What a week it has been in social media….and we haven’t even heard about what Facebook has planned for today (though they are widely rumoured to be introducing a competitor to Twitter’s Vine…sending short videos to your friends).But even without this event we’ve got plenty to talk about.

Facebook is planning on completely overhauling the Pages Insights. This is particularly important for Social Media Managers as they rely on Insights to help them understand how effective their posts are. Facebook will break the more complex data metrics (such as People Talking About This) into demographic breakdowns including age, location, sex and language spoken. Whilst a lot of professional agencies (such as TSM) use specific software for monitoring their various accounts (TSM uses Sprout Social), which automatically give you a greater understanding of your audience, this will of no doubt be of use to the millions of Facebook Page owners who want to know more about their audience.

Pictures. Pictures are everywhere. Yes it seems that even with its recent rollout of hashtags Facebook isn’t stopping. Just today they rolled out the ability to add pictures to comments. This has of course been long requested by those who feel that speaking in all caps just isn’t getting the word across quite as succinctly. No word yet on whether or not Facebook will be rolling out GIF support for comments….but we’ll keep you updated.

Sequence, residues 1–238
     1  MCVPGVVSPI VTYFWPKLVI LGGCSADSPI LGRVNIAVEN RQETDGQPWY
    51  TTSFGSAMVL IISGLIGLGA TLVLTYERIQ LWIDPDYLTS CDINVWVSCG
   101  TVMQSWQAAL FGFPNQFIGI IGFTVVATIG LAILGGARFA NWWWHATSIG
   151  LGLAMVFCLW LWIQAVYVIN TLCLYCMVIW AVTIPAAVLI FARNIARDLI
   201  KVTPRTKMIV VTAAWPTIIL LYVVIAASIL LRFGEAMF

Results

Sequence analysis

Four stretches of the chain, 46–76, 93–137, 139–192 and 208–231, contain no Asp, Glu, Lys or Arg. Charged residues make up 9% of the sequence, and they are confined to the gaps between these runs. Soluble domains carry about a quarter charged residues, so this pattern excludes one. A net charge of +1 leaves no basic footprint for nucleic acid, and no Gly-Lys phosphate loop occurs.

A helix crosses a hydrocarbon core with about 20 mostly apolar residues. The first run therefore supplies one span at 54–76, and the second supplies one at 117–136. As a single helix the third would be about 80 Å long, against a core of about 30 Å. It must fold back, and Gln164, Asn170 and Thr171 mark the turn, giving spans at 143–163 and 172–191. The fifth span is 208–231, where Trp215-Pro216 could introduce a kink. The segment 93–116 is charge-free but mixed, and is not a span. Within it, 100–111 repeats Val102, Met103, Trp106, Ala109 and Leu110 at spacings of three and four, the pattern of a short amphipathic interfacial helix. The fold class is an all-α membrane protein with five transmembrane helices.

Feedly has launched their Google Reader replacement. When Google announced earlier this year that they would be shutting down the RSS service there was a collective scream of pain from the Internet community. Reedly quickly jumped in and declared that they would be releasing their own RSS service in the wake of Google’s declaration.

We talked last week about the console wars between the Xbox One and Playstation 4. The majority of the criticisms against Microsoft stood with their DRM policies which would make it very difficult for Xbox owners to easily share games with their friends. They also declared that the Xbox would have to ‘check-in’ with the server once every 24 hours. This meant that if you had no Internet for 2 days you would not be able to play your Xbox….even in offline single player mode. Well it seems that the anguished cry and mocking of the Internet has seen Microsoft reverse their decision. It’s unknown whether or not this will help win back the legion of fans that it lost but, as we said last week, this is a battle that will be won by consumers rather than gamers.